# Season 6 Episode 3

We've got three crates with three labels, but every label is on the wrong crate. In **this episode** we solve the problem and explore harder variants.

#### Further reading

#### Principle of Inclusion and Exclusion (PIE)

There’s a Brilliant article with some exercises and another description of the inclusion-exclusion principle if you’d like more.

I thought that this might be a good place to do something slightly different; we can prove the three-set version of PIE by using the two-set version of PIE. First here's the two-set version of PIE;

$$| A \cup B | = |A|+|B|-| A \cap B | $$

Remember that $\cup$ means "or" and $\cap$ means "and". Now we want to find an expression for $|A \cup B \cup C |$. Let’s write that as $|A \cup \left( B \cup C \right) |$. Now use two-set PIE to get

$$|A \cup \left( B \cup C \right) |= |A|+|B\cup C| -|A \cap \left(B\cup C\right)|$$

Now the right-hand side is already looking good, but we can do better if we note that $A \cap \left(B\cup C\right)=\left(A\cap B\right)\cup\left(A\cap C\right)$. Now use two-set PIE again on this to get

$$| \left(A\cap B\right)\cup\left(A\cap C\right) |=|A\cap B| + |A \cap C| - |(A\cap B)\cap (B \cap C)|$$

If we put this all together and do some tidying-up then we end up with the three-set PIE (details left as an exercise for you!). This is perhaps preferable to the argument we did on the livestream about counting and double-counting and corrections, because it just uses previously-established rules without doing something new and complicated.

#### Crate problems

There are $n$ crates, each with different contents, and each has a label indicating the contents, but all $n$ labels have been mixed up and each has been put on the wrong crate, one label per crate. How many crates do you need to open (in terms of $n$) in order to fix the labels?

#### Double derangements

The paper by Even and Gillis that we briefly looked at on the livestream is available at this link.

It's very advanced in comparison to most of the things that we cover on the livestream – the authors are free to use mathematics from beyond A-level (of course) and they do so without warning.

For something much more readable, see this account of how Joe Gillis solved the derangements problem at this link. I mentioned a bit of this story on the stream, but it’s still worth a revisit.

#### Laguerre Polynomials

One of the things used by Even and Gillis in their paper is a Laguerre Polynomial. This is a sequence of polynomials, and the $n$th polynomial in the sequence is

$$L_n(x)=\frac{e^x}{n!} \frac{d^n}{dx^n} \left( x^n e^{-x} \right)$$

Written like that, I suppose it's not obvious that it's even a polynomial. The notation here indicates that we're supposed to take $n$ derivatives. If you haven't seen the product rule for differentiation yet, then this is not something that you're able to calculate yet, but if you have seen it then try to calculuate $L_1(x)$ and $L_2(x)$. These are solutions to something called the Laguerre differential equation, which is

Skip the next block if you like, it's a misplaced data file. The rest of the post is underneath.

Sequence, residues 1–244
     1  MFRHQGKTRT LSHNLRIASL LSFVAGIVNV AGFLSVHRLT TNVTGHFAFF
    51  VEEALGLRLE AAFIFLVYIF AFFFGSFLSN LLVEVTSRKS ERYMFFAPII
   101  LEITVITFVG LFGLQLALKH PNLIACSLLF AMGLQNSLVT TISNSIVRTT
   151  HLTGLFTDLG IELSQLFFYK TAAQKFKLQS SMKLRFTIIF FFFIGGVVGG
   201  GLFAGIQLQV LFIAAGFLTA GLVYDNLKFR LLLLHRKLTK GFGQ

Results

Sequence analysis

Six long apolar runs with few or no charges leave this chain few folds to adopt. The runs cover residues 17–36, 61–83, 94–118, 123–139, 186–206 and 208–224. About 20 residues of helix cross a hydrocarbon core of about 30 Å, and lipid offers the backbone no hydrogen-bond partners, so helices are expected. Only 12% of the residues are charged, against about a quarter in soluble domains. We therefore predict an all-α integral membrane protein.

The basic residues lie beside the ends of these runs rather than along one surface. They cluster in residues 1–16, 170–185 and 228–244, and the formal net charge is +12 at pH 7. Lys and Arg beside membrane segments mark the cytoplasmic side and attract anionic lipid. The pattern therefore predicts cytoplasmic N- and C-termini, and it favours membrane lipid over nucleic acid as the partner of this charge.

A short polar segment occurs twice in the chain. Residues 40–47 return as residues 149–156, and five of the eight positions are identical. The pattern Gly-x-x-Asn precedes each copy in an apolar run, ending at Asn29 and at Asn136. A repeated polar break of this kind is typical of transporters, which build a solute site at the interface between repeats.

$$ x y’’+(1-x)y’+ny=0$$

That differential equation turns up in (for example) the quantum-mechanical description of the hydrogen atom, and the structure of this family of polynomials goes some way to explain electron orbitals and thus the shape of the periodic table.

#### Birthday paradox

The birthday "paradox" is the idea that if you have $n$ people whose birthdays each fall on one of $d$ days at random, then the probability that two people have the same birthday can be non-trivial even if $n$ is much less than $d$. In the normal statement of the problem, $d=365$, and if $n>23$ then the probability of a shared birthday is more than $\frac{1}{2}$.

In general, if $d$ is a large number, then the probability of a shared birthday increases with $n$ and does "most of its changing" (from roughly zero to roughly 1) at around about $n\approx\sqrt{2d}$.

This has an application; it means that if you're planning to hand out random ID numbers to people, you need to make the maximum ID number at least as big as the square of the number of people, to avoid the chance that you'll give the same ID number to two people. Or run some sort of centralised system to make sure that you don't re-use ID numbers.

In cryptography, people sometimes want to encrypt a file with a complicated (and in some sense "random") function. The question of whether your function gives different outputs for different inputs (and could therefore be decrypted by the person you’re communicating with) is another version of the birthday problem.

Wikipedia does a pretty good job of describing this problem of "hash collision".

If you want to get in touch with us about any of the mathematics in the video or the further reading, feel free to email us on oomc [at] maths.ox.ac.uk.